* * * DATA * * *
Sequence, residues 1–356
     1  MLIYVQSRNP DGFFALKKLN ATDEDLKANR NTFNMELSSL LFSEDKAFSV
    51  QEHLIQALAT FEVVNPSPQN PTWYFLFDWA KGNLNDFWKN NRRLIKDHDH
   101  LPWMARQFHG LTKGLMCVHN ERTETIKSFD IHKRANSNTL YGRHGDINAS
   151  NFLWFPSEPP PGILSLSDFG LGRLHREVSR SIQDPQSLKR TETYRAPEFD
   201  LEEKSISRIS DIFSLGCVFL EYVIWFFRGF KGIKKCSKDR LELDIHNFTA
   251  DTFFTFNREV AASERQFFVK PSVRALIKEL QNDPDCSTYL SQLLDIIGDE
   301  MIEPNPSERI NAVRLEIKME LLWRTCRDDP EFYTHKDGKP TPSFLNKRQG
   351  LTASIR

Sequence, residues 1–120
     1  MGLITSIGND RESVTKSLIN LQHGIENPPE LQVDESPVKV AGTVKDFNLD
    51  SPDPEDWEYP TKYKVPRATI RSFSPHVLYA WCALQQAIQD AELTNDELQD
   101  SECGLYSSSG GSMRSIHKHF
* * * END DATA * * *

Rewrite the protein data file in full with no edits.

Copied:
Sequence, residues 1–356
     1  MLIYVQSRNP DGFFALKKLN ATDEDLKANR NTFNMELSSL LFSEDKAFSV
    51  QEHLIQALAT FEVVNPSPQN PTWYFLFDWA KGNLNDFWKN NRRLIKDHDH
   101  LPWMARQFHG LTKGLMCVHN ERTETIKSFD IHKRANSNTL YGRHGDINAS
   151  NFLWFPSEPP PGILSLSDFG LGRLHREVSR SIQDPQSLKR TETYRAPEFD
   201  LEEKSISRIS DIFSLGCVFL EYVIWFFRGF KGIKKCSKDR LELDIHNFTA
   251  DTFFTFNREV AASERQFFVK PSVRALIKEL QNDPDCSTYL SQLLDIIGDE
   301  MIEPNPSERI NAVRLEIKME LLWRTCRDDP EFYTHKDGKP TPSFLNKRQG
   351  LTASIR

Sequence, residues 1–120
     1  MGLITSIGND RESVTKSLIN LQHGIENPPE LQVDESPVKV AGTVKDFNLD
    51  SPDPEDWEYP TKYKVPRATI RSFSPHVLYA WCALQQAIQD AELTNDELQD
   101  SECGLYSSSG GSMRSIHKHF